Humbert Humbert was an unscrupulous, morally-bankrupt man who took advantage of a girl who was too young to know that she’d become a victim of a manipulative sick bastard. We can all sit here and argue that though this book has been published ages ago, the lingering effect and scars left is the sad reality of child sexual abuse. 
I do want to place some of the blame on Dolores but it’s difficult when she was only a twelve year-old girl when HH caught her eye and that right to the end, she could no longer see the truth. As for HH, the weakness of a man is his ultimate demise and it couldn’t be any truer than what was depicted in this novel. 
Nabokov focused on Humbert’s characterizations, leaving his readers very little insight into Dolores. As such, I found her to be a child through and through – one that never matured even if she grew to be woman in the novel. It’s unforgivable to romanticized such a relationship and reading this book in Humbert’s voice practically glorified the idea of Lolita.

My opinion: This book is heralded as one of the classics – controversial and a courageous portrayal of a man’s immoral love for a young girl. The narrative voice of Humbert tried so hard to capture the audience’s understanding and sympathy through complicated but beautiful prose. In the end, I felt what was expected: utter disgust at the impropriety of the relationship, overwrought with the need to understand and disappointment with the failure to do so.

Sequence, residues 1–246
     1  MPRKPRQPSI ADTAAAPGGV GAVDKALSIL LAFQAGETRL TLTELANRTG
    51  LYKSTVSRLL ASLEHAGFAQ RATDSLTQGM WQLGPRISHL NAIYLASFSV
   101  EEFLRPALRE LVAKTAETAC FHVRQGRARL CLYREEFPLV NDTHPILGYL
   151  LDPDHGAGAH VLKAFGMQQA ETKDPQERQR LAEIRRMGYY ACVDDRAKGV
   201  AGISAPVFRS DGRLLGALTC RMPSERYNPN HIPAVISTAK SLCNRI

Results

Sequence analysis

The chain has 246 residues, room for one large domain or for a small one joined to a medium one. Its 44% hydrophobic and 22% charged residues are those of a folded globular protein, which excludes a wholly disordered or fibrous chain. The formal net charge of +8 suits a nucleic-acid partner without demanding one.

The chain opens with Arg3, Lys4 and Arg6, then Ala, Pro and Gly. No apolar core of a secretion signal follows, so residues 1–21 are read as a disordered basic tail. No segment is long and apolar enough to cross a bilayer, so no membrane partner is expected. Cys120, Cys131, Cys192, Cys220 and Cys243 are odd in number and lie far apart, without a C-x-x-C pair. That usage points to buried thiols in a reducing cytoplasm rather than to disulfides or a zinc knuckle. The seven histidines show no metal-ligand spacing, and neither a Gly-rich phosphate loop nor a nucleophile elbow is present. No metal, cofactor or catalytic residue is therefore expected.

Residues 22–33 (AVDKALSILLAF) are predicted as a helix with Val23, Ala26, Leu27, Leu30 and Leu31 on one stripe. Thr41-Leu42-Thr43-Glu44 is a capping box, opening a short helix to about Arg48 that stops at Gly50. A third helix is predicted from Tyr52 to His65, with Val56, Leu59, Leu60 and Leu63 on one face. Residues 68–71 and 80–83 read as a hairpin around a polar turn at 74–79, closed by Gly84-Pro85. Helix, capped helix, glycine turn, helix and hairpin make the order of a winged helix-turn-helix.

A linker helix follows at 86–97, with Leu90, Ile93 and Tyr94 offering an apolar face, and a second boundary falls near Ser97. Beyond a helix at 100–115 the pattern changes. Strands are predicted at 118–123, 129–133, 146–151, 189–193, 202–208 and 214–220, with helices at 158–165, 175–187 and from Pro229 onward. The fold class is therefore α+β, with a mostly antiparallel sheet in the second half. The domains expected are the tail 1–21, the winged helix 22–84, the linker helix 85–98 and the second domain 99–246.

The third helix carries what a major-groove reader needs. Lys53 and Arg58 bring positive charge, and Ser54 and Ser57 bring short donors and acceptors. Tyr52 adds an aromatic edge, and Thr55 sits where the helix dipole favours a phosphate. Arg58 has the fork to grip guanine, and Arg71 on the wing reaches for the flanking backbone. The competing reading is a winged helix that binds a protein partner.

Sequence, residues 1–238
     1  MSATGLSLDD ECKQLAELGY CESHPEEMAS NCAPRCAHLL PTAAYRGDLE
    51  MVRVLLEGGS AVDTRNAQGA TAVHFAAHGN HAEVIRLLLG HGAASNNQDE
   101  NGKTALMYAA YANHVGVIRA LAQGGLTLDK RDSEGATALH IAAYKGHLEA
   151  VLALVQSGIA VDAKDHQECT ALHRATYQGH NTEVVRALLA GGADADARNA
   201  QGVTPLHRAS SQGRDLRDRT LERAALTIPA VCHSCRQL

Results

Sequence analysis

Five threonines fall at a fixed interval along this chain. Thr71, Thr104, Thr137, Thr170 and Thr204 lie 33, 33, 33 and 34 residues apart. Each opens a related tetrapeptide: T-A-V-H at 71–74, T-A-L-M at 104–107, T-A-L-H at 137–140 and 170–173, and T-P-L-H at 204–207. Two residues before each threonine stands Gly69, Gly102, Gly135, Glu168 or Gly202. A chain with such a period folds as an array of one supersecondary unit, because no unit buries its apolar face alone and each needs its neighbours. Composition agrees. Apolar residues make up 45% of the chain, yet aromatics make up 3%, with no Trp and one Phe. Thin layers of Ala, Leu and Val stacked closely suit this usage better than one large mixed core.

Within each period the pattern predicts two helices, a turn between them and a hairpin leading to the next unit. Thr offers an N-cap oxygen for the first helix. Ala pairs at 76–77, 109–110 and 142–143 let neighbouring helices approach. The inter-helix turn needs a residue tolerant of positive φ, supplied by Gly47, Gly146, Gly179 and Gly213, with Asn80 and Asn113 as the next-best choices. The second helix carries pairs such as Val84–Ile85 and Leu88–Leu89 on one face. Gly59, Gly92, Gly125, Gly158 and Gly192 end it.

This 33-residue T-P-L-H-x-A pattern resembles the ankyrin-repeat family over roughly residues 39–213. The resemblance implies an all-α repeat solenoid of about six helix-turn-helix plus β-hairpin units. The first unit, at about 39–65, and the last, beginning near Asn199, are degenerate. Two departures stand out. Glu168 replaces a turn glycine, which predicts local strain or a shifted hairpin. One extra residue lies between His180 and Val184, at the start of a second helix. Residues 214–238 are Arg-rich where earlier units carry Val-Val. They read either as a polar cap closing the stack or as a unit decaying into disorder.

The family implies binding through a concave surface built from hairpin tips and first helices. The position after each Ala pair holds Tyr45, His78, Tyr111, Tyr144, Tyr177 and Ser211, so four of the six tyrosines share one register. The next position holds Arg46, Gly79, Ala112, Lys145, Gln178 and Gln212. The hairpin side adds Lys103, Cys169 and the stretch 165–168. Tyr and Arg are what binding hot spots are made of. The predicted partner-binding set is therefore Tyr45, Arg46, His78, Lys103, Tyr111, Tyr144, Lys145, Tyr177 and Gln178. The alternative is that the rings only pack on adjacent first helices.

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Throwback Thursday [One]: Quiet Days in Clichy by Henry Miller

Original Publication Date: 1956
Version: 1994 Publication
Format: Paperback, 154 pages
If you’re not familiar with Mr. Miller’s works (as am I), you’ll have a hard time discerning whether what you’re reading is his memoirs or if it’s fiction. Seemingly, this book was like a day in the life of Miller – a struggling American writer in Paris, honing squandering his craft through booze and women.  There’s very little plot to speak of. It was sex, booze, sex…and more sex. The most cringe-worthy being, sex with a minor. But this is the 1920’s Paris – where everything goes and you’d get a pat on the back for violating a minor simply because you’re a writer.
I started Tropic of Cancer many moons back but had to quit before I got to the ‘good parts’. Back then, I wasn’t sure if I was ready to dive in to his world – where a woman is only good for one thing, and one thing only: SEX. But I realized that sooner or later, a girl needs to pull up her bloomers and conquer the rest of the literary world. And what better way to venture out to the dark side but read Henry’s works?